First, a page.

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Tracy Ebdon-Poole (12)
24 March 2016

HMRC Making Tax Digital – What You Need To Know

We received a number of emails and calls yesterday and today following a webinar presented by another company in our industry. The webinar purported to be in connection with HMRC’s Making Tax Digital strategy but turned out to be not much more than rouse to sell mobile app development services.

Unfortunately, its content rather unsettled the customers that contacted us, so I’ve written this blog to set out where the industry currently sits with the strategy and how it could affect practitioners and their firms.

A bit of background

One of the things that makes me proud of my senior management team is the amount of time that they have committed to representing both TaxCalc and our customers with HMRC. There is not one meeting, seminar or consultation that we miss.

Our Commercial Director, Steve Checkley, also chairs an industry forum on the matter, which is comprised of other software companies and professional bodies such as ICAEW, ACCA, AAT and ICPA. We keep each other informed to ensure that HMRC do not attempt to divide and rule.

Between us, we have been able to shape and tone down some of HMRC’s plans but unfortunately, it’s clear that some of the more contentious measures are politically driven and we are unable to influence them.

What is Making Tax Digital?

Although it has been covered in this blog before, I shall run through the basic premise behind Making Tax Digital.

1          The Digital Tax Account

Every taxpayer and business in the UK has been provided with a Digital Tax Account. In the case of individual taxpayers, they have a Personal Tax Account and every business, whether sole trader, partnership or limited company, has a Business Tax Account to handle PAYE, VAT, CT, duties and so on.

Generally, the industry considers that this is a good thing, placing better information about a taxpayer at their fingertips. Unfortunately, accountants are unable to access these accounts directly but I’ll explain below how this is to be overcome.

2          Feeding the Digital Tax Account with data

The Digital Tax Accounts will be capable of having data fed to them by various software products. Currently, payroll software, as a result of using RTI, feeds employment data into a Personal Tax Account and the result is that the account can display a payroll history.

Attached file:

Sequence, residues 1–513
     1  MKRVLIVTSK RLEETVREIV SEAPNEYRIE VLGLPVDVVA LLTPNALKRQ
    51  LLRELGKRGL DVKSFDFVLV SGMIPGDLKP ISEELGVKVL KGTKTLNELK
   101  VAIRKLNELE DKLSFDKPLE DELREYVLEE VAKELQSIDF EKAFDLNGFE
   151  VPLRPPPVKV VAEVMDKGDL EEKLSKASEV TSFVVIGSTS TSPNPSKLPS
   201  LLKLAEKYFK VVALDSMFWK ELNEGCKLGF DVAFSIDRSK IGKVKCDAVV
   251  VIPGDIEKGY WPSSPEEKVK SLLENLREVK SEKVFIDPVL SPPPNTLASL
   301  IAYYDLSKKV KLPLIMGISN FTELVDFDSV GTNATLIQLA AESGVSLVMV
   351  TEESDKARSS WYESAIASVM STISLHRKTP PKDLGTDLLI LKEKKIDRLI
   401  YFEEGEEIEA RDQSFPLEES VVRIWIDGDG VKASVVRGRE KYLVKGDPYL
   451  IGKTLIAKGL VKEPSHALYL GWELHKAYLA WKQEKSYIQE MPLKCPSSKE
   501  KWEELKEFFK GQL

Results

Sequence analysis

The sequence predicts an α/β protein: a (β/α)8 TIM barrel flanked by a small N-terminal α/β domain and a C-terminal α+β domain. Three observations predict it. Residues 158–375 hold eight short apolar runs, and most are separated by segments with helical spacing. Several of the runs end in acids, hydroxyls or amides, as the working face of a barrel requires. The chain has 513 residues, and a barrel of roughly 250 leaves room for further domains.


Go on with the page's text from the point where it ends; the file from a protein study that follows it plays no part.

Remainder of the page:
In time, HMRC want other sources of information to feed the account to include bank interest, dividends, rental income and self employed income. This would give a taxpayer a broad overview of their income streams in real-time.

3          Quarterly Updates

From April 2018, HMRC want either some or potentially all sole traders and landlords (or those with an employment but also a self employment or property income over £10k a year) to keep records in an as yet unspecified digital format and submit headline information to them, online, on a quarterly basis.

These updates are called Quarterly Updates and the administrative overhead forced upon small businesses has been heavily debated on AccountingWeb.

We have also fiercely lobbied HMRC to drop this requirement as it will clearly be detrimental to small businesses and landlords, whether they undertake this work themselves or pay for their accountants to do so, but it is evident that this has come from a higher power within Government.

HMRC advise that spreadsheets will no longer be an acceptable format to be keeping records in but somehow think that businesses can keep all of their records on a mobile phone!

4          Prediction of tax liabilities

HMRC would use all of this information to predict a potential tax liability. Of course, some income streams, such as self employment and property, assuming they were absolutely correctly put together, will be wholly unadjusted for tax purposes and therefore be wrong. 

In the case of the webinar that we watched, there was a suggestion that taxpayers would undertake these adjustments themselves but I firmly believe that clients would still rather use accountants to complete the process.